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January 13, 2019 at 12:30 | HEALTHY

What does a healthy diet mean? Make simple shifts toward a healthier diet


The expert panel that developed the 2015–20 Dietary Guidelines for Americans acknowledged a shift away from focusing on individual nutrients or foods, toward considering everything we eat and drink. The aim is to have us worry less about getting the recommended dietary intake of every vitamin and mineral and instead to develop a general sense of what constitutes a healthy meal.

Nutrition scientists at the Harvard T.H. Chan School of Public Health, who share that view, have developed the Healthy Eating Plate to illustrate the basic components of a healthy diet. The relative sizes of the plate’s sections suggest approximate proportions of each of the food groups to include in a healthy meal.

The representation is not based on specific calorie amounts and is not meant to prescribe a certain number of calories or servings per day, since individuals’ calorie and nutrient needs vary based on age, gender, body size, and level of activity.

The following should help you shift into a healthier eating pattern.

Avoid the center grocery aisles. Cutting down on prepared foods—the principal sources of added sugars, sodium, and refined carbohydrates—is key to better eating.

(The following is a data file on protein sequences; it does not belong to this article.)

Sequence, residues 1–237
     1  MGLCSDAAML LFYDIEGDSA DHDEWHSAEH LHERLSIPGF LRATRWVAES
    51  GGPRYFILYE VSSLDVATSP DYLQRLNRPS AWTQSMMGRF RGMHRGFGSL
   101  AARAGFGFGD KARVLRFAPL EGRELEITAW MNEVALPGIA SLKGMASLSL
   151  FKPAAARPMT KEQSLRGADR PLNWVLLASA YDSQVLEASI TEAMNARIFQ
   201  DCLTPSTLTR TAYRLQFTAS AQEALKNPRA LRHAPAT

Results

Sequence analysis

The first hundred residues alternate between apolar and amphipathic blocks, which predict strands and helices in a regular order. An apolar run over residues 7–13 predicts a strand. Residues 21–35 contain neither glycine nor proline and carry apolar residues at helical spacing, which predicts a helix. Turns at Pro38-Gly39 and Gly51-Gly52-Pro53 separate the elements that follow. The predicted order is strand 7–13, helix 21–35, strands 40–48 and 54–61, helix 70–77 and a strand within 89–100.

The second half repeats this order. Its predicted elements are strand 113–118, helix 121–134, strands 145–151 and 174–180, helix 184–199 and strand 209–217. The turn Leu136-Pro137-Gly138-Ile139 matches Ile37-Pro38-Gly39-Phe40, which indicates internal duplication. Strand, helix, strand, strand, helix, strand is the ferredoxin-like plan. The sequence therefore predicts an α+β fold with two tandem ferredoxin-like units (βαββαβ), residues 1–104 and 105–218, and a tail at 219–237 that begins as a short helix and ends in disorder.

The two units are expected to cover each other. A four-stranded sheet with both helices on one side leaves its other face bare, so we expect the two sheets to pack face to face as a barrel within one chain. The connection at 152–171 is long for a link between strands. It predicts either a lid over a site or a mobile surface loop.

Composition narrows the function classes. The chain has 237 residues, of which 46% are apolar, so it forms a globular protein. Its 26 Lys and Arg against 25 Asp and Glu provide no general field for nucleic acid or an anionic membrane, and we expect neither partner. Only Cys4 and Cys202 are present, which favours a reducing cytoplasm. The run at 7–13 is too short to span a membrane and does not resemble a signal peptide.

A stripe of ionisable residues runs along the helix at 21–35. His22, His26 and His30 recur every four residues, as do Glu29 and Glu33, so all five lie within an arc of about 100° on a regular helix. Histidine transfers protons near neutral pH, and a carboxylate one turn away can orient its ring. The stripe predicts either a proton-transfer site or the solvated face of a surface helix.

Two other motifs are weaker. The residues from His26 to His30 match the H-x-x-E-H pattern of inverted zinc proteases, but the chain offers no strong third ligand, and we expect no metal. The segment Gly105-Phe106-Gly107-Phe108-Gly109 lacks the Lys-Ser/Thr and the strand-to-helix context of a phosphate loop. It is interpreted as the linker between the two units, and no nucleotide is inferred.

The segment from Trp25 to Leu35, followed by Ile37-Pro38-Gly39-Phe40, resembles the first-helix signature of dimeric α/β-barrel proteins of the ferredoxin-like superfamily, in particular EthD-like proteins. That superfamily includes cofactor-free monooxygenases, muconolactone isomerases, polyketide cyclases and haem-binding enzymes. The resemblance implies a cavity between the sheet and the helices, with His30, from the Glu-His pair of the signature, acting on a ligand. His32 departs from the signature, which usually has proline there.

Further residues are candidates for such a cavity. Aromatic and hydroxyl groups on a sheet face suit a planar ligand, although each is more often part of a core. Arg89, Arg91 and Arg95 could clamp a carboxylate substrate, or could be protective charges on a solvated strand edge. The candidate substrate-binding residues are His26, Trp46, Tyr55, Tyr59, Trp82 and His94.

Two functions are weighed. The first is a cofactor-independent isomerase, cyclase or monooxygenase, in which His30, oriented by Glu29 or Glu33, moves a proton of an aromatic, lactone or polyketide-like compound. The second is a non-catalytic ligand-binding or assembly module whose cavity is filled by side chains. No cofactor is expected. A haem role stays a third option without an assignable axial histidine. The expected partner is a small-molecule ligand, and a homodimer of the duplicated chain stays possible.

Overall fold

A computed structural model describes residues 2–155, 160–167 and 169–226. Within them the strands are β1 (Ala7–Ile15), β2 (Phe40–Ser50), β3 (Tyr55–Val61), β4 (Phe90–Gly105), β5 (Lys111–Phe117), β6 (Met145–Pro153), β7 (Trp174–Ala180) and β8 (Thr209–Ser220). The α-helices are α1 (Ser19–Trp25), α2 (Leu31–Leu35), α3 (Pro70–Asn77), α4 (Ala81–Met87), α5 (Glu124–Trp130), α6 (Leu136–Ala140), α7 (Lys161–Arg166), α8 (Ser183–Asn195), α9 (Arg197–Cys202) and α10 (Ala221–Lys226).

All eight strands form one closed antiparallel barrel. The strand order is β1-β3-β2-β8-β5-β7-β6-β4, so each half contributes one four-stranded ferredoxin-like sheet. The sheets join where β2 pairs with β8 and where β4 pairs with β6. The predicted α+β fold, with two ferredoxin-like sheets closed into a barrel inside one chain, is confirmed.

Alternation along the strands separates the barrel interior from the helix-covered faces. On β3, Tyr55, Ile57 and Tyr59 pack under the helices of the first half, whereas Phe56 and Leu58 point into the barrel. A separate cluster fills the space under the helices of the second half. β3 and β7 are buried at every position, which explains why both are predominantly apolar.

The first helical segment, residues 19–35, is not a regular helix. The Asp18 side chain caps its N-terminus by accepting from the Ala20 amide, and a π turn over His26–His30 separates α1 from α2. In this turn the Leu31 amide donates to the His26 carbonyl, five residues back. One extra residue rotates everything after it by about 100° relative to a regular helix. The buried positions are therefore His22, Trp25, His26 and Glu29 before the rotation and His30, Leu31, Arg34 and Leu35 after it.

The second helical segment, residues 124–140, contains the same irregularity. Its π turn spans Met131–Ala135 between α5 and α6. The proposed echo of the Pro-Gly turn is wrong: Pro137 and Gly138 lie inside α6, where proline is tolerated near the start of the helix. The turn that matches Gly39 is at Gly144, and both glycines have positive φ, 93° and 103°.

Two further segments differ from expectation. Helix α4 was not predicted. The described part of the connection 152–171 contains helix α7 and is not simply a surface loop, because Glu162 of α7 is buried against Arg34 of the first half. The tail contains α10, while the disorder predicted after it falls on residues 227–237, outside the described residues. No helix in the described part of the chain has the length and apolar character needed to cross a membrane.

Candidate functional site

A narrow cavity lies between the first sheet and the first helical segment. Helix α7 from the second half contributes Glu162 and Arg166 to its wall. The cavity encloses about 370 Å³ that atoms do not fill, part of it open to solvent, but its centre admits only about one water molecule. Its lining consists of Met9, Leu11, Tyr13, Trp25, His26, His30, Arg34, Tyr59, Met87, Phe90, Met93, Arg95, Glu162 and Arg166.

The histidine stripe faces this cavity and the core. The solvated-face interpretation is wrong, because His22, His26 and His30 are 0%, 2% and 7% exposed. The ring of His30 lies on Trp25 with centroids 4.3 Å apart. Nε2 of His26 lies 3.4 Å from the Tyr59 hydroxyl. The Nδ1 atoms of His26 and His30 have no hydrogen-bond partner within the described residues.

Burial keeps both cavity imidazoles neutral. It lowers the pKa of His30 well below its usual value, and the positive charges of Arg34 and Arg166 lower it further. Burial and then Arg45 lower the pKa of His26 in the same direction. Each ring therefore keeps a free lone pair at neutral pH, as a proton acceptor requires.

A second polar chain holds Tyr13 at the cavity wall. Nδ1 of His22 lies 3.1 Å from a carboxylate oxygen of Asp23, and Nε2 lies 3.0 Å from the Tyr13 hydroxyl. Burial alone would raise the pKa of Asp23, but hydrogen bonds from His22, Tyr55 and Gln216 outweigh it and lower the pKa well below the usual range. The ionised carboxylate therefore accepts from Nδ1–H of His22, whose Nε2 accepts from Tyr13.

Shun flavored sodas. Sugary beverages are major culprits in the obesity epidemic. Although diet soda is a possible short-term substitute, drinking it regularly may affect your body’s ability to gauge how many calories you are consuming. Sparkling and fruit-infused waters are better alternatives.

Reduce red meat. Red meat, especially processed meat, contains ingredients—heme iron, saturated fat, sodium, nitrites, and certain carcinogens that are formed during cooking—that have been linked to an increased risk of cardiovascular disease and cancer.

Eat mindfully. Take small bites and chew them thoroughly, concentrating on the flavors and textures of the foods that you’re eating.

Source: Helath Harvard

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